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Hannah Daly (subsidiary supervisor only)
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Paul Dodds
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Ilkka Keppo
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Xavier Lemaire
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Neil Strachan
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People & Energy

Lai Fong Chiu (subsidiary supervisor only)
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David Shipworth
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Michelle Shipworth
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Gesche Huebner (subsidiary supervisor only)
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Policy & Law

TBC

Transport

Mark Barrett
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Andreas Schafer
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Andrew Smith (subsidiary supervisor only)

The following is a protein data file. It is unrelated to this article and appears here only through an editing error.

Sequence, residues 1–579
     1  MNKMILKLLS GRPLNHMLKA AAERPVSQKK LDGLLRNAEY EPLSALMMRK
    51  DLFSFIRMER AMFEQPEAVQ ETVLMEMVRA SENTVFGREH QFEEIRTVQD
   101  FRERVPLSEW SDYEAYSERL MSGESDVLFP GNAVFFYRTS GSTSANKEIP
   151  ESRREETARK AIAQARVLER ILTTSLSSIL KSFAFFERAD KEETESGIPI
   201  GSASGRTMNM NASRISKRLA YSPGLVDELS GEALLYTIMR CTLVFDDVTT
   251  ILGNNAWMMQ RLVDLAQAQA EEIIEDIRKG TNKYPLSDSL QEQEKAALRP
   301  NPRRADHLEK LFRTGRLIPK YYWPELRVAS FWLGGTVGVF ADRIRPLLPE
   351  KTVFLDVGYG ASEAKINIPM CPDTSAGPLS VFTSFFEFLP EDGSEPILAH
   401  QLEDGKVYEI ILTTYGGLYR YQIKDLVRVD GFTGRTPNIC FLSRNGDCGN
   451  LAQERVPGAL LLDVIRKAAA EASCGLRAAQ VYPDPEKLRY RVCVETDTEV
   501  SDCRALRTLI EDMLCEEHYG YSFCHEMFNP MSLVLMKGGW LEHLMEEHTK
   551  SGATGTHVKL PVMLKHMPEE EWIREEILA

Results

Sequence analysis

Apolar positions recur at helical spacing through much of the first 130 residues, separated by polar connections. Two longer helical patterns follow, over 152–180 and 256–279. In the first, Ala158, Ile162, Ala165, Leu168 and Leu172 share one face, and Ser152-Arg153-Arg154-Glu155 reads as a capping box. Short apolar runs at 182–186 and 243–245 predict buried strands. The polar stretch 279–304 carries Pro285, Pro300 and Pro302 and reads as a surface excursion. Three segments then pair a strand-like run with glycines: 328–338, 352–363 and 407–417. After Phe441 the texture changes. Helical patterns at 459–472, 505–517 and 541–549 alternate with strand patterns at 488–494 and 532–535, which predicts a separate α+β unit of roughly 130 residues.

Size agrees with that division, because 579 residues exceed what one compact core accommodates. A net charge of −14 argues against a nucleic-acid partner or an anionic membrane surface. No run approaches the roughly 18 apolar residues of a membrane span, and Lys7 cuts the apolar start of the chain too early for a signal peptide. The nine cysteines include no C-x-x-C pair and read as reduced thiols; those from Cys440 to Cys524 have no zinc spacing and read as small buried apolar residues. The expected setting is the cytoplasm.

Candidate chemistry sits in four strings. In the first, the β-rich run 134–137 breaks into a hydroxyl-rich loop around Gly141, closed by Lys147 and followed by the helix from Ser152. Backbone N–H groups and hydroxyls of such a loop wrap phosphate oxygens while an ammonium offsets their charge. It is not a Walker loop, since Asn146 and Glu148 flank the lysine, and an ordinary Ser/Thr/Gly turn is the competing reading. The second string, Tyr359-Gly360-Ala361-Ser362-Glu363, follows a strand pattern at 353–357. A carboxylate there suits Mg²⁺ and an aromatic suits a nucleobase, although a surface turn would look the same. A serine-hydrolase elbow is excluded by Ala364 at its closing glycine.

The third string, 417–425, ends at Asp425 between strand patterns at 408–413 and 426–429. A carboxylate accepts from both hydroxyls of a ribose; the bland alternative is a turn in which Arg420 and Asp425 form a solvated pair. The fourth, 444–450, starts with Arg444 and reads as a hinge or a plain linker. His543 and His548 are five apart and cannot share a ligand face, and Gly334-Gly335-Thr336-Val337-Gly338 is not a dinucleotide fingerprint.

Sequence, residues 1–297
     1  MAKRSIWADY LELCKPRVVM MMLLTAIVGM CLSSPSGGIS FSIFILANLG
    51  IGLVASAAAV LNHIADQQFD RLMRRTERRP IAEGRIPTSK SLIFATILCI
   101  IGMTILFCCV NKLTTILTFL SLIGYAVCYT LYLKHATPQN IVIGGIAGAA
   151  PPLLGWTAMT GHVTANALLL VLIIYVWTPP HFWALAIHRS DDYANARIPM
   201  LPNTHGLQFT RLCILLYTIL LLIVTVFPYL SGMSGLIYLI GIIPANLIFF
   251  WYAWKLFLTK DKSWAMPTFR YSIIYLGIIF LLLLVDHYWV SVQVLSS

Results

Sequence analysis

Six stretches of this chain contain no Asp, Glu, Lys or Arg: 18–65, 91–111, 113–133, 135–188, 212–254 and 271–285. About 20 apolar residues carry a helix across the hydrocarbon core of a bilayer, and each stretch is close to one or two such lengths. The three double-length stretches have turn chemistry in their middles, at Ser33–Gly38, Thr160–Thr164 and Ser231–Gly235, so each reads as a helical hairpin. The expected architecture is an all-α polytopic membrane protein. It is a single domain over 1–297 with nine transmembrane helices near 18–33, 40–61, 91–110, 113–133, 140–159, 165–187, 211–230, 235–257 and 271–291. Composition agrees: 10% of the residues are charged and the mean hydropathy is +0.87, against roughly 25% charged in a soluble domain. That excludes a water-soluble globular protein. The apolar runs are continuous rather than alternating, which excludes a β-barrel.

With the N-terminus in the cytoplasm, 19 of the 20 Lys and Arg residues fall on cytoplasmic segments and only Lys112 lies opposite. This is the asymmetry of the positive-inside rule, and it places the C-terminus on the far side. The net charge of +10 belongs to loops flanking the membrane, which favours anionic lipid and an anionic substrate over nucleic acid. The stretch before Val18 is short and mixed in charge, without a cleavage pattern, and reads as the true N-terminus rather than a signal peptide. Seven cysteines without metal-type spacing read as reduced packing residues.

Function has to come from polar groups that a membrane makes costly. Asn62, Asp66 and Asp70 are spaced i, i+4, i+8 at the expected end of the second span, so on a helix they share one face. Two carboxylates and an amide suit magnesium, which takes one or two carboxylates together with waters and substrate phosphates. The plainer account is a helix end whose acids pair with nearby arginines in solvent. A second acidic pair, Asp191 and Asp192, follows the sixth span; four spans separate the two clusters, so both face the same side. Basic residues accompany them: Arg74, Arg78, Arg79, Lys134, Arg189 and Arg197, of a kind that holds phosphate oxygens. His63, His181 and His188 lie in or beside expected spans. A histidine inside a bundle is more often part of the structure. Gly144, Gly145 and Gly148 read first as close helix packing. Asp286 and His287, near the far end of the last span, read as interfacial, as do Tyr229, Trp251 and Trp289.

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Tristan Smith
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Neil Strachan 
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Smart Energy Systems

Mark Barrett
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Cliff Elwell
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Bob Lowe
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Tadj Oreszczyn
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David Shipworth
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Send David a message

Michelle Shipworth
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Send Michelle an email 

Catalina Spataru
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Affiliate

UCL-Energy is partner institutes with UCL Institute for Sustainable Resources. Potential supervisors include: 

Paul Ekins
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Paolo Agnolucci (subsidiary supervisor only)